Meltdown

Perhaps it was waiting to happen. Triggered by a relatively innocuous incident on C ward: A father, quite slight of build, entered carrying his eight- or ten-year old daughter in his arms, the male nurse right behind carrying the IV bottle which was hooked up to the girl. She was placed on an unmade bed, as nobody (read: the nurses) had prepared one for her; the nurses continued to sit around a table even after the girl was laid on the bed. I stood for a few minutes watching the scene unfold, wondering when the staff would spring into action. A few minutes later, a nurse sauntered in nonchalantly, carrying a sheet, then leaving the father and others to the task.

My sense of disbelief and frustration was mounting. How do you teach people to care? I left the ward as soon as I felt the tears welling up, standing off to a side to allow my incredulity to subside. Instead, the floodgates opened, and I sought the confines of the international staff office to give my mounting grief and sadness some breathing space.

I don’t know how anyone becomes accustomed to seeing trauma on a daily basis. Over the past 5 weeks, I’ve seen blood and I’ve seen raw skin post-graft. I’ve seen bloodied and bandaged eye-sockets. I’ve seen more amputated limbs than I care to recall – including freshly-stitched and healing stumps. I’ve learned more about broken bones and sign nail surgery than I thought possible. I’ve seen muffled cries of pain, shame, horror and even some smiles and laughter; thank goodness for visitors’ day and the overpowering resilience of children.

I’ve sat by the beds of patients whose tales are shocking and heartbreaking; a drunken motorbike driver plowing into a young girl, breaking both of her legs and hips. A tractor that fell onto a kid, smashing up his face. A mother who dropped a pot of boiling water on her infant, causing severe burns over nearly half her body. A tractor-full of thirteen related farm-workers who died in the most horrific landmine explosion of recent times, while the driver alone (also related) was spared. An elderly woman whose entire arm was amputated following a motorbike accident; a fourteen-year old girl who lost her leg to a landmine explosion on the field where she worked; a young father lucky to escape a mine explosion with all limbs intact, and now afraid to return to work on his uncle’s farm.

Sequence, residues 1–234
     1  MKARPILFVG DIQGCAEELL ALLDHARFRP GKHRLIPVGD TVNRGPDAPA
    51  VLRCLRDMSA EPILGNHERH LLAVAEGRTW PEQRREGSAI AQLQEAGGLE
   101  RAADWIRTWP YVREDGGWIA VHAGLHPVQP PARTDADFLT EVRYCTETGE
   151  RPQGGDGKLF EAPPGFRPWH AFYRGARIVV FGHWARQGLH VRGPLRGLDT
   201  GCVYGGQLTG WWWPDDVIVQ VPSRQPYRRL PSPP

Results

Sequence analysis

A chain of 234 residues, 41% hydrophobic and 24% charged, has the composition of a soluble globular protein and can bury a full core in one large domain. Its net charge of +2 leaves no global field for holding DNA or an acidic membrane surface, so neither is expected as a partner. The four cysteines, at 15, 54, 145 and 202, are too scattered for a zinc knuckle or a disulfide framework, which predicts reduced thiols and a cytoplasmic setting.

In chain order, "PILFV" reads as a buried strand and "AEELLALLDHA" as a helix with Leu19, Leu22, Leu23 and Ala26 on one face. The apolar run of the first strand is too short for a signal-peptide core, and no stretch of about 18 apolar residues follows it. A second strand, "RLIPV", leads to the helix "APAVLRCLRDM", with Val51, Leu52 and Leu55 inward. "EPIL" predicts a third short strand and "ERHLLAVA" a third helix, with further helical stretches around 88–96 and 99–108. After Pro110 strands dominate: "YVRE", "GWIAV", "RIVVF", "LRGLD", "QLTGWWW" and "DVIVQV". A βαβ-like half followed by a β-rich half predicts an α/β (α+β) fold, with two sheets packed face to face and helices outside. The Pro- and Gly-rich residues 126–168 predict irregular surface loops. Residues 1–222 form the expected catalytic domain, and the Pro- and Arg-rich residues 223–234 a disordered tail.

Too many tales of children climbing coconut trees or poles and falling to the ground, breaking one or more limbs. Far too many children terribly banged up from motorbike accidents, their injuries worsened by riding sans helmet. (I am still undecided: Does this qualify as egregious neglect by parents or is it simply a question of a lack of funds to improve safety?) Children losing fingers to snake bites. And, my most surprising discovery to date: serious eye and foot injuries arising from what a common but dubious practice among youth in the countryside: catching rats with arrows.

I’m suddenly reminded of the young woman that arrived shortly after me, wheeled to the bed next to mine: Her husband put an axe into her head. That image and memory resurfaces. I see the bed where she would have lain beside me and I wonder whether she is still alive…

Incidents and accidents are waiting to happen every day. The proportion of disabled people in this country apparently ranks among the highest in the world. Even at Emergency, the phrase civilian victims of ‘war’ now encompasses more than landmines and military conflict.

Because traumatic amputations are nearly an everyday occurrence and amputees such a common sight on the wards, there was an almost poetic (and hilarious) quality to a young nurse’s reply when Ombretta asked her about the wedding-style hairpiece she was wearing; (in translation) No, she said without skipping a beat, it’s not my own hair, it’s a prosthesis.

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